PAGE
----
Joc-joc Bolante and the Fertilizer Scam
2001—Jocelyn “Joc-Joc” Bolante is appointed as Department of Agriculture undersecretary for finance shortly after Arroyo assumes the presidency.
March 6, 2004- Philippine Daily Inquirer reports that Senator Panfilo Lacson accused President Arroyo of vote-buting by authorizing the release of P728 million funds supposedly for fertilizers to the local officials.
August 25, 2005—An episode of The Probe Team reports that some farmers claimed that they did not receive fertilizers from the fertilizer fund released by the DA.
September 28-29 2005—PCIJ special report says that billions of farm funds were used to fund the presidential campaign of Arroyo.
October 6, 2005—The Senate starts its inquiry on the fertilizer scam.
October-December 2005—The Senate conducts hearings on the scam but Bolante fails to appear.
December 11, 2005—Bolante is invited to the Senate hearing but he flees to the United States. He claims that his life is in danger because there are attempts to kill him.
December 13, 2005—The Senate cites Bolante in contempt for refusing to attend the hearings and orders his arrest.
February 15, 2006—US Embassy in Manila writes Bolante telling him that his tourist visa is not valid for travel.
March 1, 2006—The Senate Committee on Agriculture recommends the filing of plunder charges against Bolante, former Agriculture Secretary Luis Lorenzo and other DA officials. The Senate probe tags Bolante as the mastermind of the scam. The Senate sends a copy of the inquiry report to the Anti-Money Laundering Council.
March 20, 2006—US Embassy in Manila writes Bolante telling him that his non-immigrant visa has been revoked and is not valid for travel.
July 7, 2006—Bolante is arrested by airport authorities in Los Angeles for using a cancelled visa.
July 26, 2006—A statement by New People’s Army belies Bolante’s claim that they were plotting to kill him.
August 9, 2006—Bolante files a petition for habeas corpus. He claims that the US has no basis holding him and that his visas were improperly revoked.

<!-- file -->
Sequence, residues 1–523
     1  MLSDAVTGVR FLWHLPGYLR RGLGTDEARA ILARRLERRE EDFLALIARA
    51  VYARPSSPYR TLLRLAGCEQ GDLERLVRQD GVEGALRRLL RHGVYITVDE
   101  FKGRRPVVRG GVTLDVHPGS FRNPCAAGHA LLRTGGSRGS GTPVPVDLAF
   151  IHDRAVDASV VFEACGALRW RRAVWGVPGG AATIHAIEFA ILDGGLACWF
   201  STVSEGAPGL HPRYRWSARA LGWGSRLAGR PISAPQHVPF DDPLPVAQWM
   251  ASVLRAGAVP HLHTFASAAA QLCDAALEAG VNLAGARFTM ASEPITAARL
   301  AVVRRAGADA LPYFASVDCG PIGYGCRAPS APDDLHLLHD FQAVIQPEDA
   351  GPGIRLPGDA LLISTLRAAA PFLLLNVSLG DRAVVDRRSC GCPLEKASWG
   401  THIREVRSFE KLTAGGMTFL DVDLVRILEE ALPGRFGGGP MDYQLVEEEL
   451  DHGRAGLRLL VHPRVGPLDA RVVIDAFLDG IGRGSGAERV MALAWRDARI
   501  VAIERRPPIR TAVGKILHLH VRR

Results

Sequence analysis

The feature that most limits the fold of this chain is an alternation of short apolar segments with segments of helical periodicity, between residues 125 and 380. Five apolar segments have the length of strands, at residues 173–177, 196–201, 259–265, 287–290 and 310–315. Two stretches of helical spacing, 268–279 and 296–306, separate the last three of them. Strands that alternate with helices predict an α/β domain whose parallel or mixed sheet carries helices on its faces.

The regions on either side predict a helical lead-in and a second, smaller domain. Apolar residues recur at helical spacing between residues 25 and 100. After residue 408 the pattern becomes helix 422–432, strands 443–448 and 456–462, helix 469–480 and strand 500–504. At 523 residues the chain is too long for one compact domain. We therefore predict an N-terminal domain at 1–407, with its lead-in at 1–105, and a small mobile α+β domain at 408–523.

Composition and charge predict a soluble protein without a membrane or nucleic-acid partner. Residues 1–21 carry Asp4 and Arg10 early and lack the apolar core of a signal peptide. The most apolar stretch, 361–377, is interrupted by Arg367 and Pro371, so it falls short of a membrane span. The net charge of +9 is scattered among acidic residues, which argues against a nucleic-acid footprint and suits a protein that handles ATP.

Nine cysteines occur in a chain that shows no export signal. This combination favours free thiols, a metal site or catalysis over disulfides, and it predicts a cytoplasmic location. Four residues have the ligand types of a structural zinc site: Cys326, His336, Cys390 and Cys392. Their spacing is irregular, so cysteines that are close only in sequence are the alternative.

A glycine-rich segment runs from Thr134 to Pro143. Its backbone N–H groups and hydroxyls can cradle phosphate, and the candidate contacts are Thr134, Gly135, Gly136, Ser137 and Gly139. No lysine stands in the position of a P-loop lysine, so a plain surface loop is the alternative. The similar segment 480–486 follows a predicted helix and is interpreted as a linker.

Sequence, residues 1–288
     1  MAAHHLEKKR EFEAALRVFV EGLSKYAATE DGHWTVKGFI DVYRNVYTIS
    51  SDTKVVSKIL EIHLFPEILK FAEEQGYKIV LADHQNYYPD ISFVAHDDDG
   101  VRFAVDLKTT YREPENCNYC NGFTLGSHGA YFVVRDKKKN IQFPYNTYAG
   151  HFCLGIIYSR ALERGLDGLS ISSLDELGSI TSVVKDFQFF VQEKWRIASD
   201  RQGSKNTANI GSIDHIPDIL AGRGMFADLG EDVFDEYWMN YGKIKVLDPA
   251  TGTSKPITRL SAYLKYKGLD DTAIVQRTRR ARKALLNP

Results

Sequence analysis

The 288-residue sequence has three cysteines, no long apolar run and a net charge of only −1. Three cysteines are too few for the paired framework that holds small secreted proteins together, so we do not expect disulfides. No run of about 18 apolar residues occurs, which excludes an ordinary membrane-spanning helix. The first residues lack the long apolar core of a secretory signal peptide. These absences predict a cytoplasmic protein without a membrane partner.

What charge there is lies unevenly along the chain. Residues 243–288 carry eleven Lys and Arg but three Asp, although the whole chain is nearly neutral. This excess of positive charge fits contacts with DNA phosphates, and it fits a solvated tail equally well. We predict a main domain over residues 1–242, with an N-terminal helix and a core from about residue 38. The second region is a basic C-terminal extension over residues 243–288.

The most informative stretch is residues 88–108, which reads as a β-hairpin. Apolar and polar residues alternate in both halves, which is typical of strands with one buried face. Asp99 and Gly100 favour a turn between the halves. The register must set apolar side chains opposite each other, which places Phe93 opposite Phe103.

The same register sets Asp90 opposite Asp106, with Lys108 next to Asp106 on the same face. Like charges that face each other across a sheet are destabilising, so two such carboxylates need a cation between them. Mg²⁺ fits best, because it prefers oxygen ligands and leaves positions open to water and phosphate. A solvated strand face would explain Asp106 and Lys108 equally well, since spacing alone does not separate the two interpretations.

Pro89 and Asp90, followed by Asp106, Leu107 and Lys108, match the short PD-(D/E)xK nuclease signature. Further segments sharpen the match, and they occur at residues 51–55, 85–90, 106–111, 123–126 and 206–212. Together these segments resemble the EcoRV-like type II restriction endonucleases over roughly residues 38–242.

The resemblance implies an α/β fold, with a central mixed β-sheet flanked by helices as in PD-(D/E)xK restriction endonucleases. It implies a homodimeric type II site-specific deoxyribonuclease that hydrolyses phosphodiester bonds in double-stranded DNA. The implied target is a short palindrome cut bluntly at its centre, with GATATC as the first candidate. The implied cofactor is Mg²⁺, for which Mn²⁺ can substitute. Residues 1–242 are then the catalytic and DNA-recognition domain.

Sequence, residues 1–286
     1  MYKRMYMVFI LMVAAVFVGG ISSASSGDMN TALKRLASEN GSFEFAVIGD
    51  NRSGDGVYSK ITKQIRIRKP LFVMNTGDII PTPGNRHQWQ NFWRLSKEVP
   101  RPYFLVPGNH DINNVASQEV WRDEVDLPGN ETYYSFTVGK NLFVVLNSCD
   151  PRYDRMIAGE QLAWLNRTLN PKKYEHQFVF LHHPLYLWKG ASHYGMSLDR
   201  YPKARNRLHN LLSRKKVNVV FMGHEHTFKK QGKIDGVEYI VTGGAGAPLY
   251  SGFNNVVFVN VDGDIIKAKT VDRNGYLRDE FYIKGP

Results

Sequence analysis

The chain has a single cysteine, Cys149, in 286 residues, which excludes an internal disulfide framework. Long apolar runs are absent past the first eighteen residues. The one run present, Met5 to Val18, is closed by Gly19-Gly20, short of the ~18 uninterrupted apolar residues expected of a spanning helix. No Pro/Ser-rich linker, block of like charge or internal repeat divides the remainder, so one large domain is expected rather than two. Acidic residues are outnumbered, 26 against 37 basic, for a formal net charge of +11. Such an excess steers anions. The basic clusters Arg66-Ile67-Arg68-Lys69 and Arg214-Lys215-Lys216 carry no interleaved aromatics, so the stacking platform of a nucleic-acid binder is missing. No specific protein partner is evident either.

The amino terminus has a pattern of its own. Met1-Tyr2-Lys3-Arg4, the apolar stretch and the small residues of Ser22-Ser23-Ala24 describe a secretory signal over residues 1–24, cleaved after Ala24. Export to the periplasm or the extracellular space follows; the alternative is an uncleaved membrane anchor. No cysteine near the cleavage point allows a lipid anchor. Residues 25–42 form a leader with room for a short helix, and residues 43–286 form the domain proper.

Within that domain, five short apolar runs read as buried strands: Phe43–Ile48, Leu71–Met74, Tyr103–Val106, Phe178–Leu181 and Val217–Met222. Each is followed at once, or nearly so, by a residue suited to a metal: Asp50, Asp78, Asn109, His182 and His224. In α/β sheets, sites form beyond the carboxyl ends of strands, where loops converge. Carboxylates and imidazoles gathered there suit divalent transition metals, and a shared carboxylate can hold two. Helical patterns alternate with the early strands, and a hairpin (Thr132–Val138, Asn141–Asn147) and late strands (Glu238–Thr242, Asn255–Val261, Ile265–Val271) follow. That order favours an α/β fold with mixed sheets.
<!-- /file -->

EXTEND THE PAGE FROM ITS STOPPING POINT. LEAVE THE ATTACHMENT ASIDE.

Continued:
September 2006—The AMLC starts an investigation after Philippine National Bank reported “12 suspicious transaction reports”. (Findings of the AMLC revealed that a firm—Livelihood Corp.—where Bolante was acting chair transferred P172.6 million to Molugan Foundation Inc and P40 million to Assembly of Gracious Samaritans Foundation, Inc. (AGS). AMLC also found out that Molugan Foundation transferred P38 million to the AGS).
February 9, 2007—A Chicago court denies Bolante’s petition for political asylum. The court says Bolante failed to establish “a well-founded fear of persecution.” (Download the court's decision.)
June 25, 2007—The Board of Immigration Appeals sustains the decision of the Chicago court to deny Bolante’s petition. (Download the decision of the Board of Immigration Appeals)
July 3, 2008—The Court of Appeals issues a 20-day freeze order for 70 bank accounts listed under Bolante’s name and other personalities linked to the fertilizer scam.
July 8, 2008—The CA orders the Anti-Money Laundering Council to submit more evidence linking Bolante to the 70 accounts.
October 22,2008—US Immigration and Customs Enforcement confirms to ABS-CBN that they are preparing to deport Bolante.
October 27,2008—Senate President Manny Villar orders the arrest of Bolante.
October 28, 2008—Bolante arrives from the US. He is whisked to St. Luke’s Medical Center, where he remains confined and placed under hospital arrest. He is guarded by the staff from the Senate sergeant-at-arms.
October 30, 2008—A medical bulletin from the St. Luke’s Medical Center said that Bolante is in “stable” and “normal” condition.
November 3, 2008—Bolante’s son, Owen files before the Court of Appeals a petition for habeas corpus to declare his father’s arrest as unlawful.
November 4, 2008—Bolante withdraws the petition for an injunction and temporary restraining order at the Supreme Court. The withdrawal allows the Senate to proceed with the re-opening of the investigation of the fertilizer scam.
November 7, 2008—A hospital spokesperson says Bolante was diagnosed with sleep problem.
November 10, 2008—Senate allows Bolante to stay at St. Luke’s Medical Center for “humanitarian reasons.
November 12, 2008—Bolante does not appear in the hearing of the House Committee on Food and Agriculture. DA Secretary Arthur Yap, DA undersecretary Belinda Gonzales, former budget secretary Emilia Boncodin are also not present. At the hearing, officials from the Commission on Audit affirm that there are irregularities in the release of the fund. The Supreme Court, meanwhile, grants Bolante’s request to withdraw habeas corpus petition.
November 13, 2008—Bolante appears on the Senate for the first time. He clears President Gloria Arroyo, the congressmen and the local officials implicated in the fertilizer fund scam. Bolante also testified that:
* He did not know who nominated or recommended him to be agriculture undersecretary
* Former DA secretary Luis Lorenzo was the one who requested the release of the funds.
* The fertilizer fund is a valid and legal funding approved by the DA and transferred to the regional field units (RFUs).
* He resigned from the DA on August 1, 2004.
* He was not able to attend to the Senate hearings because of his prior commitments abroad.
* Staff from the office of DA Undersecretary Belinda Gonzales told him that 91 percent of the fertilizer funds has been liquidated.
—Research by Jesus F. Llanto, abs-cbnNEWS.com/ Newsbreak
Sources: Inquirer.net, PCIJ.org, Newsbreak Online and various news reports